Erika P. New

REI, University of South Florida
  • University of South Florida
  • United States of America

About Erika P. New

Fellowship - University of South Florida

Residency - University of South Florida

Medical School - Virginia Commonwealth University SOM

Undergraduate and Masters - University of Georgia

Influencer Of

Recent Comments

May 19, 2021
Replying to Eduardo Hariton

I am excited to hear more about people's experience with virtual interviews this past application cycle and what you are planning to change for this go around.

Also, please share this article with fellows and PDs who may find it helpful! 

Excellent article! Thank you for your contribution, and I am also curious to hear best practices and plans for improvement for the 2021 interview season.  A few years ago we found that REI applicants spent on average $5,600 for the REI Fellowship interview season in 2018. What a difference with virtual interviews last year and a reported median of $100!

May 06, 2021
Replying to Pandiyan Natarajan

Insulin Resistance and PCOS.

We read with considerable interest the Reflections on Insulin Resistance in PCOS.

Insulin Resistance has been implicated in the etiopathology of  PCOS, Type 2 Diabetes Mellitus and the Metabolic syndrome, Fatty Liver and Coronary artery disease. The precise mechanism by which Insulin Resistance leads to all these clinical conditions is not clear. Insulin levels are variable in all these patients and do not correlate with the clinical condition.

Insulin Resistance is a nebulous entity and is not used in routine clinical practice in the management of PCOS, Type 2 Diabetes Mellitus or Metabolic syndrome. The inconvenient truth about Insulin Resistance seems to be that the so called Insulin Resistance may well be the consequence of Hyperglycemia and not the cause of it. (1 )

PCOS is primarily due to Abnormal weight gain in adolescence or adult life. Most of the patients with PCOS are either overweight or obese. The few who are so called normal weight or thin also seemed to have gained significant weight in adulthood though they may still be in the normal weight or thin weight range. ( 2 )

Weight loss by modification of diet and exercise seems to be the Only logical step in the management of PCOS, Type 2 Diabetes Mellitus and Metabolic syndrome. Drugs for Induction of Ovulation in infertile PCOS patients should be the second line of management. Metabolic surgery and burning of the ovaries by Laparoscopic Endocautery of the ovaries would be futile and can cause more harm than good. 

Insulin estimation will not yield any useful information and will cause more confusion than clarity. We reiterate that the primary focus should be on weight loss.

 1) Anand Chockalingam, Pandiyan Natarajan, Puvithra Thanikachalam, Radha Pandiyan.

Insulin Resistance: The Inconvenient Truth. 

Missouri Medicine 2021; 118:2; 119.

2) Puvithra T, Pandiyan N.

Is weight gain the Precipitating Factor for Polycystic Ovarian Syndrome? A Hypothesis Based on Retrospective Study.

Chettinad Health City Medical Journal 2015; 4;3; 120-124.

Professor Dr Pandiyan Natarajan,

Professor and Head of the Department of Andrology and Reproductive Medicine.

Chettinad Super Speciality Hospital,

Chettinad Academy of Research and Education,

Tamil Nadu,

India- 603103.

An interesting discussion. The group of PCOS patients who are normal weight have always been of interest to me. In my experience, the normal weight PCOS patients have not gained significant weight in adulthood. This phenotype of PCOS is likely related to the metabolic factors such as insulin resistance as are discussed in the reflection. But with the tests for insulin resistance not being very practical in reality, maybe the take away is to remember to counsel all PCOS patients, not just those who are overweight or obese, on healthy diet and lifestyle. Many may already do this, but I definitely think it is more in the forefront of our minds when our patients are overweight or obese.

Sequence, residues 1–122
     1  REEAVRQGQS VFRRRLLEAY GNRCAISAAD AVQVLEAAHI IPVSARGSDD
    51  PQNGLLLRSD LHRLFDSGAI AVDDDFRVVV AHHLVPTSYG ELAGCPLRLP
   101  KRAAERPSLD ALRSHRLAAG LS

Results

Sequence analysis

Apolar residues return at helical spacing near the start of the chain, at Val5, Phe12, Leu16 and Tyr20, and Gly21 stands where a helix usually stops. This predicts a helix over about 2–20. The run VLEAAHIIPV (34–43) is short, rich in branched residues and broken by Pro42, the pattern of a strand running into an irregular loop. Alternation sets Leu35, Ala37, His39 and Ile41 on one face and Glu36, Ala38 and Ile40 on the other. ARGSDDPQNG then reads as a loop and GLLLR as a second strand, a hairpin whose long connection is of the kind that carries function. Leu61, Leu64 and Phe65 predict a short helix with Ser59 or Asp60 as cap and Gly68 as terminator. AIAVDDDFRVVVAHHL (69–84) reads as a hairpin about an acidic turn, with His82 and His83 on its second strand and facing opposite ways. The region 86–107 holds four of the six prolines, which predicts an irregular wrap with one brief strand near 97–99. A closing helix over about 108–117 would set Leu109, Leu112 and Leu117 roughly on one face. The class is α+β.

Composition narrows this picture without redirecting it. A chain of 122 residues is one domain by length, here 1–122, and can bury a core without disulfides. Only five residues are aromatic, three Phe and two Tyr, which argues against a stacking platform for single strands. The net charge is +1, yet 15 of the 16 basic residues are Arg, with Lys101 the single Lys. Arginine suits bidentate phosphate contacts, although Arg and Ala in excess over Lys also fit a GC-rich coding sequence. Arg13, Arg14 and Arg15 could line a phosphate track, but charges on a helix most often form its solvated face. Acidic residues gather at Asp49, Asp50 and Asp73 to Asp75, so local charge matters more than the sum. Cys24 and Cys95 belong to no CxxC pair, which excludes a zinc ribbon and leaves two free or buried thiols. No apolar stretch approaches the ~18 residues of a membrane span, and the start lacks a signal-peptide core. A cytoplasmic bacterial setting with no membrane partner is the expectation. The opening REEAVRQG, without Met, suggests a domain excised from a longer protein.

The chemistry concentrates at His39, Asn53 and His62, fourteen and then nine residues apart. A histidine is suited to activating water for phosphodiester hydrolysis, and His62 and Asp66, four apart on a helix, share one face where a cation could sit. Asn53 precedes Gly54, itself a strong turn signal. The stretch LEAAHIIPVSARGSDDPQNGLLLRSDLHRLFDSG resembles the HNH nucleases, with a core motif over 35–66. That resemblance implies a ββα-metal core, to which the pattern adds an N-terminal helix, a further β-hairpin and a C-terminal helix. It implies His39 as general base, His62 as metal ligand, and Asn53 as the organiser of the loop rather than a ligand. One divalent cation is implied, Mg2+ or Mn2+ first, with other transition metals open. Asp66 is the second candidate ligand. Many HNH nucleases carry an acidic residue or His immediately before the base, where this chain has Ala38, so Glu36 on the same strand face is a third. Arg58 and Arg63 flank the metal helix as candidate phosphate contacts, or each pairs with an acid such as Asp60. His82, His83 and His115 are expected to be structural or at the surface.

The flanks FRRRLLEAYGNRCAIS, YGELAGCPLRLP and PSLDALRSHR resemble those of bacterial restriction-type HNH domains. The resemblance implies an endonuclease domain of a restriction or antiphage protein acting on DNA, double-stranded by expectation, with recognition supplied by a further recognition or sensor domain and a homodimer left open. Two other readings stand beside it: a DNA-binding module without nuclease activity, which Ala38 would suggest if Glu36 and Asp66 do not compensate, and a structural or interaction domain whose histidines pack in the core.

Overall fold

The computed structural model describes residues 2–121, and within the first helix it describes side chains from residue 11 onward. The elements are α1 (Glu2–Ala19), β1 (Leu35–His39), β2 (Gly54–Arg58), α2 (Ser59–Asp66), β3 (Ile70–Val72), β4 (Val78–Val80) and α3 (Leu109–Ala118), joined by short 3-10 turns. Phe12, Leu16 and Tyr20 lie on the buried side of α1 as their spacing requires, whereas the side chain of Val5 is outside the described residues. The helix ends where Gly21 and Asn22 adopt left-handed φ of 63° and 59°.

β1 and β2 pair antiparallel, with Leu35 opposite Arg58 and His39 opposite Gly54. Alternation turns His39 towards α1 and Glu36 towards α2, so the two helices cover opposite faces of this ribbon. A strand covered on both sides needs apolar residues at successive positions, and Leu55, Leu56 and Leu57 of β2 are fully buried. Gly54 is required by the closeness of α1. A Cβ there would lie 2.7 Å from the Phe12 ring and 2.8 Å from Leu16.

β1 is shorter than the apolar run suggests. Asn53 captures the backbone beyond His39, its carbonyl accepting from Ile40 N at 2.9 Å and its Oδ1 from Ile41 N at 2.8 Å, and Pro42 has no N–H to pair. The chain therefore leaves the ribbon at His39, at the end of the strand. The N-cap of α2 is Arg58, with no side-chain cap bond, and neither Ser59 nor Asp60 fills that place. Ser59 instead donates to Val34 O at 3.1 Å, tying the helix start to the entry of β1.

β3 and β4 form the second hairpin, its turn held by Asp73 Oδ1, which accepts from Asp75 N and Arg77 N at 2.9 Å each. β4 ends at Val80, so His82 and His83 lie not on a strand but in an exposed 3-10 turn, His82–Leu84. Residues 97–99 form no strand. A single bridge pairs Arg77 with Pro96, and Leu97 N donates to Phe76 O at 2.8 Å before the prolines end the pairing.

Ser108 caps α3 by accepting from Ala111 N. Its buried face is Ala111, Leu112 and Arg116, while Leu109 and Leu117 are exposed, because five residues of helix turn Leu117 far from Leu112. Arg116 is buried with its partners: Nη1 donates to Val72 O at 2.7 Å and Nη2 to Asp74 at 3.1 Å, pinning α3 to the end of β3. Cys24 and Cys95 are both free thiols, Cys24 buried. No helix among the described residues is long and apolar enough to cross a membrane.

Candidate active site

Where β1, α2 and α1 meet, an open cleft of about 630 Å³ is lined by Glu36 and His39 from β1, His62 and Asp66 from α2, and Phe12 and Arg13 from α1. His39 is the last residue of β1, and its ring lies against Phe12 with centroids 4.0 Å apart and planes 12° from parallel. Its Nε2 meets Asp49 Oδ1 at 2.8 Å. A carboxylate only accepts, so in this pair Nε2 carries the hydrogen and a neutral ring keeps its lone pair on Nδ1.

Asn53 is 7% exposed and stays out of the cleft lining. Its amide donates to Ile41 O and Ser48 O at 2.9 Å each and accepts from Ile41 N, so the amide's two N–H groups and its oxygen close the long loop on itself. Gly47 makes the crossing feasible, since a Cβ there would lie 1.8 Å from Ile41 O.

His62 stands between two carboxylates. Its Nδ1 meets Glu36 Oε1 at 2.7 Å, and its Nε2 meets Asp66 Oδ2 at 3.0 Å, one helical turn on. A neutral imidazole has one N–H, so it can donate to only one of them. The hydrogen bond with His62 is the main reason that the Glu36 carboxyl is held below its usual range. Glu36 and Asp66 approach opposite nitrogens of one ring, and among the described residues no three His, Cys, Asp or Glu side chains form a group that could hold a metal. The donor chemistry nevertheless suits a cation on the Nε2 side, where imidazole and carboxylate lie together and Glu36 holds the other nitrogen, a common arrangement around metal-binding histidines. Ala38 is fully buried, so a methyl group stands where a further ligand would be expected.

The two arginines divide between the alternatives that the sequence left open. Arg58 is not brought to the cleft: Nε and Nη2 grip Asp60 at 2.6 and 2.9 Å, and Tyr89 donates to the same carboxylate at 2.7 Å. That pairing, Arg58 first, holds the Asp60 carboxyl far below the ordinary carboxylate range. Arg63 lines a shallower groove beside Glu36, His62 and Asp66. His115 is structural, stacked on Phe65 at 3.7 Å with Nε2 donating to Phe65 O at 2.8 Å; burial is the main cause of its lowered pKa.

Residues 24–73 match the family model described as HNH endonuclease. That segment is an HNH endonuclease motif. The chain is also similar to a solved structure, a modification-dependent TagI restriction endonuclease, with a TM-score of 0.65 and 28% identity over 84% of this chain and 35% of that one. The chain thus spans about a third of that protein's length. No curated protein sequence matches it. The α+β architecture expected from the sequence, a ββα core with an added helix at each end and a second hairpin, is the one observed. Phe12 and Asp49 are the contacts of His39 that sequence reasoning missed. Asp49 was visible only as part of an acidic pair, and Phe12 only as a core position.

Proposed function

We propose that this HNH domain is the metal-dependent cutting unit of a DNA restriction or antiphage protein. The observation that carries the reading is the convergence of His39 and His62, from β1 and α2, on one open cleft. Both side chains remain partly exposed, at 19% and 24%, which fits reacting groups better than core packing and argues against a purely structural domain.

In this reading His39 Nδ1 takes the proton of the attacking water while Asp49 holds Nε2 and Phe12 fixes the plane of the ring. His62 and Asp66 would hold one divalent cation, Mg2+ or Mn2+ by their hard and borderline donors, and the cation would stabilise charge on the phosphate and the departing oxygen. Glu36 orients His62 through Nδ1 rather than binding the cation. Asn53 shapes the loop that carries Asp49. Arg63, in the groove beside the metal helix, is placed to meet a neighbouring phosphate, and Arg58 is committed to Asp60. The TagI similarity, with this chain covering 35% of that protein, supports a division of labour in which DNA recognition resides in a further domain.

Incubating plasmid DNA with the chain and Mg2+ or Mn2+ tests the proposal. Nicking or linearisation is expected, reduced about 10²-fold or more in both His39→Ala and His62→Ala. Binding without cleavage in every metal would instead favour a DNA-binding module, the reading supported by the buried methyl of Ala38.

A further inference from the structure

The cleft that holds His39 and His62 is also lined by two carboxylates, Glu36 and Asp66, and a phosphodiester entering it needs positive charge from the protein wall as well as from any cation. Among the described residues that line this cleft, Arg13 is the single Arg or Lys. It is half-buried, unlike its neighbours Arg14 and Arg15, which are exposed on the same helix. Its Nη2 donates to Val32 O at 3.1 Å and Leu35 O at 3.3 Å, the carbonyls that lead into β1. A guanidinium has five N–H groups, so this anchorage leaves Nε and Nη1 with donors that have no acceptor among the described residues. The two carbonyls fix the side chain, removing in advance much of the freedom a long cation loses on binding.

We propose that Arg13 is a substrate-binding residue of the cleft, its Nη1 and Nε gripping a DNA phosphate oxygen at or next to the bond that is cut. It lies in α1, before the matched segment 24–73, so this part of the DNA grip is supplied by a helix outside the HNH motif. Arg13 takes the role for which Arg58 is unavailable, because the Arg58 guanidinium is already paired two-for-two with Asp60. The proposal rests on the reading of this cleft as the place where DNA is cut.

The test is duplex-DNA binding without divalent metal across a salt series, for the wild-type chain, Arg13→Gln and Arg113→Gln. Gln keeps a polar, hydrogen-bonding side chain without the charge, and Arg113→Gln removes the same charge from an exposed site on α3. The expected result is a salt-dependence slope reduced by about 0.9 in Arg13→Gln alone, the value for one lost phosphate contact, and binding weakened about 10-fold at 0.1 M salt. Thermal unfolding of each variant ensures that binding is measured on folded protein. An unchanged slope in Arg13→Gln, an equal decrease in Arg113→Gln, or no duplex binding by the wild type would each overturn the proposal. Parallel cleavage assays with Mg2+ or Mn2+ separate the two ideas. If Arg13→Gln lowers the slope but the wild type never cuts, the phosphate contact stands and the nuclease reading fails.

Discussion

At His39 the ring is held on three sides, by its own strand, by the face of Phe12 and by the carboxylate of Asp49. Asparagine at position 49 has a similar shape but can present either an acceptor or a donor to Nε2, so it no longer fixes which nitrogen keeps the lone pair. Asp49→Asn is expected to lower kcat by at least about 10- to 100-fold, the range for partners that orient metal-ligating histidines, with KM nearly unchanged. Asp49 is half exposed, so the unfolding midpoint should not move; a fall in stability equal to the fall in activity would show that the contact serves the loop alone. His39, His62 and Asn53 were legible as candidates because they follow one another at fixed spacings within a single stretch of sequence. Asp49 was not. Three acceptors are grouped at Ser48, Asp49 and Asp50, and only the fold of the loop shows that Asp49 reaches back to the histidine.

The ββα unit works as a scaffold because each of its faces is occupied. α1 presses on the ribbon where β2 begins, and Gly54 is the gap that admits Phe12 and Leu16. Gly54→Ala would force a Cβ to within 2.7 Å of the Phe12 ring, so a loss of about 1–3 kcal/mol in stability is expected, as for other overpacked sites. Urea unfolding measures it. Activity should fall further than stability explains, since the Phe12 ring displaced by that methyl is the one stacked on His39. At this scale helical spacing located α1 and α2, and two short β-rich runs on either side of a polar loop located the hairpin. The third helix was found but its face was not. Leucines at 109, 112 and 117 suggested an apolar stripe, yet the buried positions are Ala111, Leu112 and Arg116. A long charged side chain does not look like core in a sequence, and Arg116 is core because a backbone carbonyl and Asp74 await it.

May 05, 2021

Thank you for an excellent, very educational video! When taking care of any patient with ovaries that are difficult to reach vaginally (large fibroid uterus, prior ovarian transposition, etc), it is important to be able to perform transabdominal oocyte retrieval when indicated. Since this is performed infrequently, I appreciate you sharing your video to help other providers learn more about this technique.

Nov 24, 2020

Sounds like an interesting book full of great ideas for how to make the infertility journey less of a burden on our patients. Some of the mentioned advancements may be a sooner reality than others, particularly concerning frequent blood draws. The article, “Concordance of Fingerstick and Venipuncture Sampling for Fertility Hormones,” published in the Green Journal February 2019 showed that hormonal results for AMH, E2, FSH, LH, PRL, testosterone, TSH, and free T4 were concordant between venipuncture and fingerstick samples! While home sonography for follicle monitoring seems unbelievable, with the advances in automated, 3D follicular monitoring with SonoAVC, perhaps this really could become a reality in the future. A low-tech but welcome change I have noticed during the coronavirus pandemic is that it is encouraging clinics to very much reconsider whether each ultrasound, blood draw, or clinic visit is absolutely necessary, to minimize unnecessary risk to our patients.

 Burke EE, Beqaj S, Douglas NC, Luo R. Concordance of Fingerstick and Venipuncture Sampling for Fertility Hormones. Obstet Gynecol. 2019 Feb;133(2):343-348. doi: 10.1097/AOG.0000000000003066. PMID: 30633131.

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